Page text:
Our lawyers handle gestational diabetes misdiagnosis and treatment lawsuits. A failure to diagnose gestational diabetes can lead to a host of injuries that can have a lasting effect on the child.
What Is Gestational Diabetes?
Gestational diabetes mellitus (GDM) is an intolerance of carbohydrates that appears during pregnancy. In simpler terms, it is diabetes while being pregnant.
This can complicate childbirth. The most common concern is the size of the child. Delivering large children can lead to more difficult labor and delivery, resulting in shoulder dystocia or a brachial plexus injury.
A recent study using new diagnostic criteria found that 18% of pregnancies are affected by gestational diabetes, much higher than previous estimates of 1-14%. Think about that—almost one in five pregnant women. Doctors should be on the lookout.
Still, misdiagnosis of gestational diabetes is all too common, carrying risks to both mother and fetus. Children born to mothers with GDM may have excessive birth weights, resulting in high rates of cesarean delivery, which carries the risk of trauma to both mother and child. Babies also have a risk of hypoglycemia (low blood sugar) and hyperinsulinemia (high blood insulin). They are also at risk for glucose intolerance and long-term obesity.
Following pregnancy, women who have gestational diabetes have a 40 to 60% chance of developing diabetes in the next 10 to 20 years, and an estimated 5 to 10% of women who have had GDM develop diabetes immediately following pregnancy. Current practice has been under recent review to correctly diagnose GDM, with a goal of increasing the proportion of women diagnosed.
Gestational Diabetes Guidelines and Testing
Gestation diabetes is identified using an oral glucose tolerance test (oGTT) or elevated fasting glucose levels (≥ 92 mg/dl). This is usually done at 24 weeks gestation, although the best time to test for gestational diabetes is still being studied.
A two-step approach (glucose challenge test + oral glucose tolerance test) is recommended by the American Diabetes Association to help prevent missed opportunities for diagnosis. It is reported to increase diagnosis rates from 80% to 90% although at least many doctors defending other doctors in medical malpractice cases sometimes disagree.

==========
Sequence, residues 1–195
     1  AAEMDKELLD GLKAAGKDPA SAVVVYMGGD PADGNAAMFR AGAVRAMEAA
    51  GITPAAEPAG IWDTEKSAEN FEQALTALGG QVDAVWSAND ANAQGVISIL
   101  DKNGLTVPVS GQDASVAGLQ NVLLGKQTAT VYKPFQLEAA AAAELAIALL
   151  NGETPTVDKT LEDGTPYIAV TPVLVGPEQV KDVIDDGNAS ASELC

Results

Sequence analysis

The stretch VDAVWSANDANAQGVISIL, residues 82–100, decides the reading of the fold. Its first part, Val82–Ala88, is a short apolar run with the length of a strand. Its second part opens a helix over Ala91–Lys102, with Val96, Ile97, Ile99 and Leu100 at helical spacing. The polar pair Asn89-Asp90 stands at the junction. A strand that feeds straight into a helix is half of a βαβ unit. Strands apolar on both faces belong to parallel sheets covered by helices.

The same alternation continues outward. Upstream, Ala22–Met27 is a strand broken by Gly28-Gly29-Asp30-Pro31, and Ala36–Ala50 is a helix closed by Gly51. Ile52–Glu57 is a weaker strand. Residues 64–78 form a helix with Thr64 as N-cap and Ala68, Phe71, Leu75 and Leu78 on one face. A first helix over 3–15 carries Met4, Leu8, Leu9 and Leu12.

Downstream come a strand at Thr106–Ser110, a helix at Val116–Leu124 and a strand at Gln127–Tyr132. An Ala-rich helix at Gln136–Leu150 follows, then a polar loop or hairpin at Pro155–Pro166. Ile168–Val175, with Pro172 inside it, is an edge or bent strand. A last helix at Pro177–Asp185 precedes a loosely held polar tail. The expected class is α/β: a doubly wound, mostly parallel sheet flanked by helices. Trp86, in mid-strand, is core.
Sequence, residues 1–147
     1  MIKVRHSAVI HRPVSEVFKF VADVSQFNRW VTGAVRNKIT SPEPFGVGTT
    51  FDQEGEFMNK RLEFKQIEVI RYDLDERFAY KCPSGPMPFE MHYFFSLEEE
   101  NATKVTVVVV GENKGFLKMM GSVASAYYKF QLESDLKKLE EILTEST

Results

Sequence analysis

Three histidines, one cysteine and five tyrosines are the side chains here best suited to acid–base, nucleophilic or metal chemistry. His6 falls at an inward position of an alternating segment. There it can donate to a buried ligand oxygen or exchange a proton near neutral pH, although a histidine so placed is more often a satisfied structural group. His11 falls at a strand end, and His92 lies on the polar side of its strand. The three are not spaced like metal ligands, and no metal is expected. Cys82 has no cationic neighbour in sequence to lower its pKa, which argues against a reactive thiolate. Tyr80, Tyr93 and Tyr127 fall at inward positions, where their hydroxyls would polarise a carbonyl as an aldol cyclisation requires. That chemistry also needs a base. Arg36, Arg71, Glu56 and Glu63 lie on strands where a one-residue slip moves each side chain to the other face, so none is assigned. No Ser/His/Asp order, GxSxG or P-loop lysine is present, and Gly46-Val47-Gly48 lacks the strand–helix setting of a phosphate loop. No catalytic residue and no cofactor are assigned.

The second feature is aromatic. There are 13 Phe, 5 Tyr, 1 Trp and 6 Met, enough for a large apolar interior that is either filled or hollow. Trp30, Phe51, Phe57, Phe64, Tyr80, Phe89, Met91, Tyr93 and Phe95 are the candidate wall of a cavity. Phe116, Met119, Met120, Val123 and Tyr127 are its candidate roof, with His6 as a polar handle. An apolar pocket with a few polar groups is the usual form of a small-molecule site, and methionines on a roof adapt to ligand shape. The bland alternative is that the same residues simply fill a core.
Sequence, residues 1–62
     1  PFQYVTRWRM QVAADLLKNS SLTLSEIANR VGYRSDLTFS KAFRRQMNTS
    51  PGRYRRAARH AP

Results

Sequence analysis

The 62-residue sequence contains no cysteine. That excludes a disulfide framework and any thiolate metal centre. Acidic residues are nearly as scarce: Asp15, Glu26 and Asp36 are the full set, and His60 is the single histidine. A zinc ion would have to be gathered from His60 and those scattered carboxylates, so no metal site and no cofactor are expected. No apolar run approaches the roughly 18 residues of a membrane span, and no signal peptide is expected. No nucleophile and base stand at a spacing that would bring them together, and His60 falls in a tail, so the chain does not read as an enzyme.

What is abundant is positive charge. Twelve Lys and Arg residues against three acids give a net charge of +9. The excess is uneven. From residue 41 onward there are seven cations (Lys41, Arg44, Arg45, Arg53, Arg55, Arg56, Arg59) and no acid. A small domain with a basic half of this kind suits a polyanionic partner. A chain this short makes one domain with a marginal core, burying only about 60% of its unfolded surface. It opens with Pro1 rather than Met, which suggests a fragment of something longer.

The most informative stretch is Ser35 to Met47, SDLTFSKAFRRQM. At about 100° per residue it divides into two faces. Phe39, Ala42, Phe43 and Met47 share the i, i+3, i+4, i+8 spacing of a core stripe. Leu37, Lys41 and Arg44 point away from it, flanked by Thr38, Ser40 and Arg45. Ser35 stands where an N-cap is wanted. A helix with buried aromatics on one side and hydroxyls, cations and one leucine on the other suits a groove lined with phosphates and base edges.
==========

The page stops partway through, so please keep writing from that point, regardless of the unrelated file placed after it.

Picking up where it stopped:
Others have suggested that glucose testing at 16 weeks of pregnancy has a high predictive rate (up to 96%) to detect those women at risk of developing GDM during the third trimester.
Although there are additional costs associated with glucose challenge, due to the high rate of missed diagnoses of GDM, it may be best practice to test all women during pregnancy and not select those that should undergo a glucose challenge and OGTT based on risk factors.
This is further supported by a study in Belgium that found that over half of the cases of GDM were missed when only subjects with risk factors were tested. Furthermore, testing during each trimester may be indicated to prevent a missed diagnosis.
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Who Is at Risk for Gestational Diabetes?
Any woman can get gestational diabetes. Doctors should not stereotype who may have it based on anything other than proper assessment, evaluation, and testing.
One study found that in a group of 532 patients tested for gestational diabetes without consideration of risk factors found that 47% of the women with GDM would have been missed if screened only based on risk factors.
That said, women of Native American/Aboriginal, Hispanic, South Asian, Asian, and African descent are at increased risk.
Other risk factors include age, obesity, use of corticosteroids, and polycystic ovary syndrome.
Is It Medical Malpractice Not to Get a C-Section If You Have Gestational Diabetes?
The risk of a difficult delivery with a large baby leads many obstetricians to recommend that many women with gestational diabetes should have a C-section instead of vaginal birth.
The allegation that the OB should have performed a C-section is at the core of many birth injury lawsuits. Whether the failure to perform a C-section is medical malpractice depends on the unique facts of a given lawsuit.
Treating Gestational Diabetes
Doctors must monitor a woman with gestational diabetes to ensure the child is growing at the appropriate rate and that the woman’s glucose levels are under control.